NATHAN CHAN/THE VARSITY

Last November, teaching assistants at U of T overwhelmingly approved a motion to give their union (CUPE 3902) a strike mandate. Their main objectives were to seek higher wages and tuition waivers during renegotiation of graduate student funding packages with the university administration. A more complete picture of their grievances can be found in an op-ed written by Ryan Culpepper and Craig D. Smith for The Varsity shortly before winter break last year. While I support graduate students in their struggle for fairer compensation, I believe that a TA strike represents unsuitable leverage to use in these negotiations.

Graduate students play a dual role at the university: a primary role as junior academics and a secondary role as teaching assistants. These two roles should not be confused with each other. The former involves a lot of stress and little financial compensation. The latter is an undeniably great part-time position that pays a substantial $42.05 per hour for some fairly low-pressure work.

Graduate students will of course urge us to look at this rate in the context of their overall take-home pay of approximately $15,000, but the TA salary should instead be examined separately from other sources of funding. Indeed, while other stipends are rewarded to encourage the pursuit of graduate studies and academic research, this salary is paid in direct exchange for services provided to undergraduate students. Even the tasks themselves are completely separate, as TAs often lead tutorials only marginally related to their actual topics of research. This distinction is important because, unlike research work, teaching assistantships are generously compensated and should not be any cause for protest.

As it happens, most of graduate students’ grievances stem from their role as junior academics. For instance, they object to having to continue paying the full tuition of $8,500 after their third year because they no longer take any classes. They also protest against their minuscule annual take-home pay, because they are earning below the poverty line, despite working full-time. These are legitimate grievances, but they have little to do with their role as TAs.

Given that teaching assistantships and graduate studies involve distinct work and distinct compensations, they should be clearly distinguished: dissatisfaction with one need not involve retaliation through the other. The most legitimate way for graduate students to protest their increased tuition and unfair stipend would be to strike in their capacity as academics by choosing to stop attending graduate classes or cease research work, for example. To drag undergraduate students into a negotiation in which they have no stake and little say is to hold them hostage to be used as leverage. This seems selfish and unfair.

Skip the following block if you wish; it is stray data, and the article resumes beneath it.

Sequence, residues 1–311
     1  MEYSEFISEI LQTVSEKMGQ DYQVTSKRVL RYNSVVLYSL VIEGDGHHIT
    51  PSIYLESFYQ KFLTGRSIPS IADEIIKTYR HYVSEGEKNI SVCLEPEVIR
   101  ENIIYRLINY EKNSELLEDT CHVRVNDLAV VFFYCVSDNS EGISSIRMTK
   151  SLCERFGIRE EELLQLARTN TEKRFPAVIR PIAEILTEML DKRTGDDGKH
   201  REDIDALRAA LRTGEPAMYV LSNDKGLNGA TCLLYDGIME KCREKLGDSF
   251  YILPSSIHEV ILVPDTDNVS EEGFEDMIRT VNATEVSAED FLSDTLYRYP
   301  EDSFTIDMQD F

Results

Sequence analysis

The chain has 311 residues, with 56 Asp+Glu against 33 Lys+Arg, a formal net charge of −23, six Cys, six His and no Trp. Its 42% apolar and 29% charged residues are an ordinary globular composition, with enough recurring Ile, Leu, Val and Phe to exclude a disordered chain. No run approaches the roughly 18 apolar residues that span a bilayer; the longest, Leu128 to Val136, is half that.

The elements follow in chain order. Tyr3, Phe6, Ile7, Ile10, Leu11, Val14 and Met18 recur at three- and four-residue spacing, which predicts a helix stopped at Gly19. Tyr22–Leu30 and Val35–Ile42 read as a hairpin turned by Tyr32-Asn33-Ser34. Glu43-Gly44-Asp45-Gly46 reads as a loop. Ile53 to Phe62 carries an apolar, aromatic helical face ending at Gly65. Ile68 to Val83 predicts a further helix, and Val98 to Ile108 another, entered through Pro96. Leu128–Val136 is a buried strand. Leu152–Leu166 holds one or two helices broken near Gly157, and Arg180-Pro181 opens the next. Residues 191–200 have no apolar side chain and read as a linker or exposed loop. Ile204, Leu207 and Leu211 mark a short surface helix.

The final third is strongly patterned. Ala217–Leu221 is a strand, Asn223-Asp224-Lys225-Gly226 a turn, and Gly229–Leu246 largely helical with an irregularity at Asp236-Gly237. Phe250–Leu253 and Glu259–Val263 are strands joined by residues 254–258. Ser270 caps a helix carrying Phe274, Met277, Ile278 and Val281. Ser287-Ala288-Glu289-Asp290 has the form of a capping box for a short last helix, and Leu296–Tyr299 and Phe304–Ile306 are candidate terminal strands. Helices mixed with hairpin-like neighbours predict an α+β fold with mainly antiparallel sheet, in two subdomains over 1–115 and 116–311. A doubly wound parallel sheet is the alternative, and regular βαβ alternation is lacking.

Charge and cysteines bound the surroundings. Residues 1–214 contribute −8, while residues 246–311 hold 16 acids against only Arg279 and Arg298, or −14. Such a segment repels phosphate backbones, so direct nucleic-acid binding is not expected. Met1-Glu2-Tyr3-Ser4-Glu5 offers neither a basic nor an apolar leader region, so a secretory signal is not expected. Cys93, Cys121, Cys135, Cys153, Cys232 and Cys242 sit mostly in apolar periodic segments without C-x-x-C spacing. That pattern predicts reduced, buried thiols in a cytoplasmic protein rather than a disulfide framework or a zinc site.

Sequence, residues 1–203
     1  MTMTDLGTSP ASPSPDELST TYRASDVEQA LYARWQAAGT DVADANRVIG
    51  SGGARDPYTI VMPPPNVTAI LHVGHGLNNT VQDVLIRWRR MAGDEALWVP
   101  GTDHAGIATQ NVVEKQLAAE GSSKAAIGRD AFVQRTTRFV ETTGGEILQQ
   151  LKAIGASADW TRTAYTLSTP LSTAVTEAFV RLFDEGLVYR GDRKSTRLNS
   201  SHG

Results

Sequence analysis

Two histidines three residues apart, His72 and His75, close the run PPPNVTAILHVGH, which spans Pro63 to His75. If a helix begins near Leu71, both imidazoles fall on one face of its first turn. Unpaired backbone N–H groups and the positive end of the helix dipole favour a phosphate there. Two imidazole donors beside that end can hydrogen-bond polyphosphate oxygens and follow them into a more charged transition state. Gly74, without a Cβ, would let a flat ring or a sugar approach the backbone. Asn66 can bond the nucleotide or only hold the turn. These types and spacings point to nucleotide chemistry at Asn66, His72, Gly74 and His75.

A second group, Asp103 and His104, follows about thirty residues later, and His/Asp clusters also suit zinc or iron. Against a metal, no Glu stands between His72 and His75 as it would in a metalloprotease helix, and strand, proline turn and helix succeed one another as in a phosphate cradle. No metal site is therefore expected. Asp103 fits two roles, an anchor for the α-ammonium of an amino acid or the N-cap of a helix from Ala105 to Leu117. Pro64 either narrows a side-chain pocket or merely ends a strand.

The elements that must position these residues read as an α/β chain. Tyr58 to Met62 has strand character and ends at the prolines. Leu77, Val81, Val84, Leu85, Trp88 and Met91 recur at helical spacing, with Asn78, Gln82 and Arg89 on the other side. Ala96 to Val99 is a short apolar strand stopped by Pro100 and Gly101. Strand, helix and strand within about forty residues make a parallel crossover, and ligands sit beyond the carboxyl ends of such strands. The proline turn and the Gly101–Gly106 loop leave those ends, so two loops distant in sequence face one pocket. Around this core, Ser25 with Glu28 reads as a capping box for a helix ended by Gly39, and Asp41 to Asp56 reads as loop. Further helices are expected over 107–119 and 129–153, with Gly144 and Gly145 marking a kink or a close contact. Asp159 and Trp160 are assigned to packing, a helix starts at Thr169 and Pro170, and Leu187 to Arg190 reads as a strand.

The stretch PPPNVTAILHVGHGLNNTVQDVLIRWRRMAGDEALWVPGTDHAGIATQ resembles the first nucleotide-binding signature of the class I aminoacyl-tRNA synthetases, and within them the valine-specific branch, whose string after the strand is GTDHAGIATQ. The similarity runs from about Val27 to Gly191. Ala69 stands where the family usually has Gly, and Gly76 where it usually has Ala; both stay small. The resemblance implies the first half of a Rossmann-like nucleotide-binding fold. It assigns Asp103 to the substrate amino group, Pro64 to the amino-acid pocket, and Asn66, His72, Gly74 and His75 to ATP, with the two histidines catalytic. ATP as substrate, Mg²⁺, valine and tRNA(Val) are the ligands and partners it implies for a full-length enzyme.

While I disagree with graduate students’ method, I am sympathetic to their cause. Graduate students are incurring significant opportunity costs by choosing to pursue their passion; such dedication should not be rewarded with diminished living standards. Furthermore, in these negotiations, graduate students are only asking for a routine increase in stipends — which have been frozen since 2008 — to match the increased costs of living. After all, if tuition can be raised three per cent a year to match inflation and increased costs, there is no reason why graduate funding packages should not follow suit.

Teaching assistants are a vital part of the undergraduate experience, and their grievances demand the university’s attention. However, this doesn’t justify graduate students leveraging off this role to seek fairer compensation for something quite unrelated. Perhaps, in this instance, the easiest way to avoid any potential disruption to undergraduate studies would be for the university to pay what is rightfully due.

Li Pan is a third-year student at Trinity College studying financial economics and math. His column appears every three weeks.

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